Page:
The RAPS store will be under maintenance Saturday, 17 April between 5 AM and 12 PM EST. Store functionality may be unavailable at times during this window.
We apologize for any inconvenience caused during this time.

Regulatory Focus™ > News Articles > 2021 > 2 > GAO: COVID-19 vaccine production falls short of January 2021 goal

GAO: COVID-19 vaccine production falls short of January 2021 goal

Posted 15 February 2021 | By Jeff Craven 

GAO: COVID-19 vaccine production falls short of January 2021 goal

The Operation Warp Speed (OWS) goal to produce 300 million COVID-19 vaccine doses by January 2021 was not met, according to a status report released by the US Government Accountability Office (GAO).
 
Companies with current emergency use authorizations (EUAs) for vaccines are contracted under the program to release a combined 200 million doses of their vaccines by the end of March 2021 but had released just 63.7 million doses (31.8%) as of 31 January 2021, the report notes.
 
To date, vaccines produced by Pfizer/BioNTech and Moderna have been issued EUAs by the US Food and Drug Administration (FDA). Vaccines produced by AstraZeneca (AZD1222), Janssen (Ad.26.CoV2.S), and Novavax (NVX-CoV2373) are currently in Phase 3 trials. A vaccine being jointly developed by Sanofi and GSK is currently in Phase 1/2 trials.
 
Of the six vaccine candidates selected by OWS, all but one – the Sanofi-GSK vaccine – had begun large-scale manufacturing as of January 2021.
 
The OWS program was created in May 2020 as a partnership between the Department of Defense (DOD) and Departments of Health and Human Services (HHS) to accelerate development of COVID-19 vaccines and therapeutics.
 
To accomplish the 300-million goal, the program supported development of vaccines with different mechanisms of action to minimize risk, while vaccine companies accelerated development by manufacturing vaccines while clinical trials were still underway and concurrently launching clinical trials.
 
The GAO report points to a range of issues contributing to the failure to meet the goal, including bottlenecks in manufacturing capacity, supply chain problems, and lack of an available workforce to manage the manufacturing process. It notes, however, that companies have been working with the OWS to increase production capacity, despite a shortage of facilities for manufacturing the vaccines. “For example, one vaccine company told GAO that HHS’s Biomedical Advanced Research and Development Authority helped them identify an additional manufacturing partner to increase production. Additionally, the US Army Corps of Engineers is overseeing construction projects to expand capacity at vaccine manufacturing facilities,” the report says.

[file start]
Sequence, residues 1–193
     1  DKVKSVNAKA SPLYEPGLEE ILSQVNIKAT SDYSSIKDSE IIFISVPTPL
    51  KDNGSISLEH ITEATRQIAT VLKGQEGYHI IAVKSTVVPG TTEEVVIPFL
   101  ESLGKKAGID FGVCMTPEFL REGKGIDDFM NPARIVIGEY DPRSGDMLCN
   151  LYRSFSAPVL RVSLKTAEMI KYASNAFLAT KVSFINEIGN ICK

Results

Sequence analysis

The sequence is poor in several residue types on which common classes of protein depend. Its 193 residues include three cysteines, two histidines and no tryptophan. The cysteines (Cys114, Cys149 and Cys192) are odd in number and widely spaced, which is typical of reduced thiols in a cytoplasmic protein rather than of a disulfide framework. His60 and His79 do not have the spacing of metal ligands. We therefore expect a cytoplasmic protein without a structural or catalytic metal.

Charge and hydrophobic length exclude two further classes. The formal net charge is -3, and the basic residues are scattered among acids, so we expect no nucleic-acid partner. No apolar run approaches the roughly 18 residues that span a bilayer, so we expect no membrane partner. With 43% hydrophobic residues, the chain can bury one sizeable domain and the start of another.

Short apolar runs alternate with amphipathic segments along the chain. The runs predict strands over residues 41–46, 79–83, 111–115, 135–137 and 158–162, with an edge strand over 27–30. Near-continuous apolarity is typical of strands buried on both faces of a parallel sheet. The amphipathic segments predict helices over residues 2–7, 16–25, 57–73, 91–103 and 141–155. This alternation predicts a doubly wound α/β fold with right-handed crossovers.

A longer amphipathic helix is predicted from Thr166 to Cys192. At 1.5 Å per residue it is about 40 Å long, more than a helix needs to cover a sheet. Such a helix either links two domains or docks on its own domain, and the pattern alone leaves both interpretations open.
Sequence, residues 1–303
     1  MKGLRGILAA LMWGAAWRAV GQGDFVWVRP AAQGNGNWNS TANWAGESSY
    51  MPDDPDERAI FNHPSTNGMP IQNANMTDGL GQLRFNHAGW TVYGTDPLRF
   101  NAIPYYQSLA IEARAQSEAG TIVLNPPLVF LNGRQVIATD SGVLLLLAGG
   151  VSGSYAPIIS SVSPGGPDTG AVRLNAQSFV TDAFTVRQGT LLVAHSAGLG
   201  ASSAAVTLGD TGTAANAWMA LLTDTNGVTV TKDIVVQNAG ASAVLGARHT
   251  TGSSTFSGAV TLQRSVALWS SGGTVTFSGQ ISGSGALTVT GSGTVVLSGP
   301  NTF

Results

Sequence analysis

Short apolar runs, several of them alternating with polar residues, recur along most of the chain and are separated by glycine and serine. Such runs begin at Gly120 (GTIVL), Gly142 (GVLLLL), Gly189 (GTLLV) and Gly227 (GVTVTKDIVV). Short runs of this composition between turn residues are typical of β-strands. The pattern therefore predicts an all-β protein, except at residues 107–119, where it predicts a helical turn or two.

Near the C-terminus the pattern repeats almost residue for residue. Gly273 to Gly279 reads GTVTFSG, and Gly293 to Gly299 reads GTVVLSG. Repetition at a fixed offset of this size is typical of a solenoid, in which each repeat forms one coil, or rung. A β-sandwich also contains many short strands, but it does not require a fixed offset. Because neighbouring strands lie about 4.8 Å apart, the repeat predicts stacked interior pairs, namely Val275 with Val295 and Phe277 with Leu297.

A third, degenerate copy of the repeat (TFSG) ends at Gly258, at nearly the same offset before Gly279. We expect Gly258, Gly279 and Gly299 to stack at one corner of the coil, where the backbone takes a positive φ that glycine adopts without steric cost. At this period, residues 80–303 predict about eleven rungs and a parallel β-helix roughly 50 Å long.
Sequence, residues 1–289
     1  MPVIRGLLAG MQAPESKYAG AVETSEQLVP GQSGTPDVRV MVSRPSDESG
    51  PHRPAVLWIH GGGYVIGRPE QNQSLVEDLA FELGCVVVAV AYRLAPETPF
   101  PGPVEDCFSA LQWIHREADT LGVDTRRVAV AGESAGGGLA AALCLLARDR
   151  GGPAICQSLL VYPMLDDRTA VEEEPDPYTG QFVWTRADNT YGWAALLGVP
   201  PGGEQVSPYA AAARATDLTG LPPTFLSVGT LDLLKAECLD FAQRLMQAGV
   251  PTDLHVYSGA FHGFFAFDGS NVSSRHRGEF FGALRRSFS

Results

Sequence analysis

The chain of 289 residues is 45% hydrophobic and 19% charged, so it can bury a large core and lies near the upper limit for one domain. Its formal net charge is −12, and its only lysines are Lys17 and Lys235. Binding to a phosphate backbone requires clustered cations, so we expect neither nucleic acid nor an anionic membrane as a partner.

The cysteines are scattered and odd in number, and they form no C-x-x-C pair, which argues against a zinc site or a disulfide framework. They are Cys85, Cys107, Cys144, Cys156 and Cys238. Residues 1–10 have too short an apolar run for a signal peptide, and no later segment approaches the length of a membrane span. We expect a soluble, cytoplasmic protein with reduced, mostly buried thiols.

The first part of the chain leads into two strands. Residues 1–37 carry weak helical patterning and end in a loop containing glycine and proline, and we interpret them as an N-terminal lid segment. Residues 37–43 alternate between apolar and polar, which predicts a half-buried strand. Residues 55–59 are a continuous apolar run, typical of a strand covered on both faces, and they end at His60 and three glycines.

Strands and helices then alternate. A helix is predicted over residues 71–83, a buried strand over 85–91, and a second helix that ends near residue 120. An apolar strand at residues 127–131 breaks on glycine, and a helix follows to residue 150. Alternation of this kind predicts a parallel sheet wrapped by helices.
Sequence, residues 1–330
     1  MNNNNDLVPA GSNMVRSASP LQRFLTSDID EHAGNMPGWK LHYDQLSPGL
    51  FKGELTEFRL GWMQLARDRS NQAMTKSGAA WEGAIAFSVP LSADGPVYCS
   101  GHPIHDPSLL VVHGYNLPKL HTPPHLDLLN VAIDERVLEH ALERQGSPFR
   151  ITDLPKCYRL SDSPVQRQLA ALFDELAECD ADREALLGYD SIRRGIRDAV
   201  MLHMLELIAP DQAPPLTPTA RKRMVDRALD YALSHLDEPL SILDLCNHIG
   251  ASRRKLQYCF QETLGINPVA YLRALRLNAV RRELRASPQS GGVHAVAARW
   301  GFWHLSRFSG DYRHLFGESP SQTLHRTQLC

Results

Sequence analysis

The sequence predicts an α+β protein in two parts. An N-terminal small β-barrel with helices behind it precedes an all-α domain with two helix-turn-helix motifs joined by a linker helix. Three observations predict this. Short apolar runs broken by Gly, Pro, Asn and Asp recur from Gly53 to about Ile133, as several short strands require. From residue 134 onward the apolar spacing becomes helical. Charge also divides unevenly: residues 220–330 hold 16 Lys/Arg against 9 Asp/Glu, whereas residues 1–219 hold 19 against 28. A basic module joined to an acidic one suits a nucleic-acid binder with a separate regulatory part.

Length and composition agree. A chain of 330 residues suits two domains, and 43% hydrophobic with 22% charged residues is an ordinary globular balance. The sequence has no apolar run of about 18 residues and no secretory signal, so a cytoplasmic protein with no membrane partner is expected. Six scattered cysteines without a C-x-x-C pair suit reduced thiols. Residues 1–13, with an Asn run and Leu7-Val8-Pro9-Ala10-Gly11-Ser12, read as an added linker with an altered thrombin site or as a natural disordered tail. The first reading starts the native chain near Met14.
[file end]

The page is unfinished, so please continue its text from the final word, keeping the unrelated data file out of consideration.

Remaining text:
Manufacturing supply chains have also been disrupted as a result of the pandemic, with facilities experiencing a range of challenges, including difficulty acquiring reagents and chemicals, as well as shipping delays of weeks or months for materials that usually would be delivered in a much shorter period of time. To address those issues, GAO says DOD and HHS are helping shorten the acquisition and delivery times of “critical manufacturing equipment” to vaccine companies. DOD and HHS also note when critical supplies are needed for OWS vaccine candidates and have used the Defense Production Act to prioritize certain supply contracts for vaccine companies, according to the report.
 
The report also identifies challenges in hiring and training specialized personnel to manage vaccine manufacturing processes. “OWS officials stated they have worked with the Department of State to expedite visa approval for key technical personnel, including technicians and engineers to assist with installing, testing, and certifying critical equipment manufactured overseas,” according to the report.  Officials at OWS said they have asked for 16 DOD personnel to serve as quality control staff at two of the vaccine manufacturing sites until the companies are able to hire the staff they need.
 
GAO provided technology readiness levels for each vaccine candidate, suggesting “COVID-19 vaccine development under OWS generally followed traditional practices, with some adaptations.” The vaccine companies told GAO that having shorter timelines was the main difference between operating in a pandemic versus non-pandemic environment.
 

 

© 2021 Regulatory Affairs Professionals Society.

Regulatory Focus newsletters

All the biggest regulatory news and happenings.

Subscribe